I Love Aster novi-belgii ‘Wood’s Blue’ aka Wood’s Blue aster.

Sep 24, 2021 | Love This!

Name:  Aster novi-belgii ‘Wood’s Blue’ aka Wood’s Blue aster.

Type of Plant:  A short, perennial New York aster in the “Wood’s series” that is hardy in zones 4 – 8.

Why I Love This Plant: One of the best reasons to grow perennials is that you have a kaleidoscope of color throughout the year. In other words, no perennial blooms for months and months and that’s a blessing. Because when a fall-blooming aster, ‘Wood’s Blue,’ for example, comes into bloom it’s a seasonal celebration.

I love this aster because it’s short. In my gardens it grows to only about 12” tall. I also love that it gently spreads, so it fills in the front of a border well over time. Finally, I love the fact that it’s willing to grow in the drier, hotter, sandier spots in the garden…and the bees love it!   

A Word to the Wise: If you’re the type of gardener who doesn’t want to edit out some plants and move things around, you might not like this plant. Or if you expect perennials to “stay in their place,” avoid this aster. But if you’re willing to work with a plant’s natural habits, go out of your way to plant ‘Wood’s Blue’ for fall color.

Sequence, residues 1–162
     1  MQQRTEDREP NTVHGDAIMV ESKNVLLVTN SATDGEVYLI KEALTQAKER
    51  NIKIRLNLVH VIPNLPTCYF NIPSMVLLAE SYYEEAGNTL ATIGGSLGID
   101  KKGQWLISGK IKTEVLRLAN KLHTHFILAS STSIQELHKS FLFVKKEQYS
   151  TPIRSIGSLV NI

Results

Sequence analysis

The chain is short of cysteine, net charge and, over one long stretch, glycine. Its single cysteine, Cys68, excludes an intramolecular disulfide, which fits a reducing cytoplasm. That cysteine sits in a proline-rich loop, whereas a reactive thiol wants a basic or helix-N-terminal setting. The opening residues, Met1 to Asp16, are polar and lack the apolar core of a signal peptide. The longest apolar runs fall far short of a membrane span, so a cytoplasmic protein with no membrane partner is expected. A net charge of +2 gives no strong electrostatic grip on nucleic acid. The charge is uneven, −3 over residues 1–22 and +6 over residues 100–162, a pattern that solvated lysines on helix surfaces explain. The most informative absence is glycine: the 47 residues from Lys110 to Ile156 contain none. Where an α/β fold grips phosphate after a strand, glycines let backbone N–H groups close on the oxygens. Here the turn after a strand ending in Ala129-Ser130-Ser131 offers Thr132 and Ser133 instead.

I love how this aster flowers in the front of a perennial garden and even among rocks. For me, fall is a celebration of blues, purples and orange, and Aster ‘Wood’s Blue’ is a part of that autumnal celebration.

The bumble bees love this aster as much as I do!

 

I have this growing on the edge of a stone wall and I have come to appreciate that it’s not only thriving on top of the rocks, but it creeps into the cracks below to grow and bloom there too.

2 Comments

  1. Marla

    Very pretty. I planted Aster Purple Dome for the first time but it’s very leggy. The Wood’s Blue in your photos doesn’t appear to have this problem. BTW. I love your blog – your recap of plants is to the point and your photos are great!

    Reply
    • CL Fornari

      Yes – Woods Blue is shorter than Purple Dome so that the bottoms don’t show as much. Note that if you shear Purple Dome in mid to late May and take the top 3-4″ off it will be more compact and full the rest of the season. I do this yearly to Raydon’s Favorite.

      Reply

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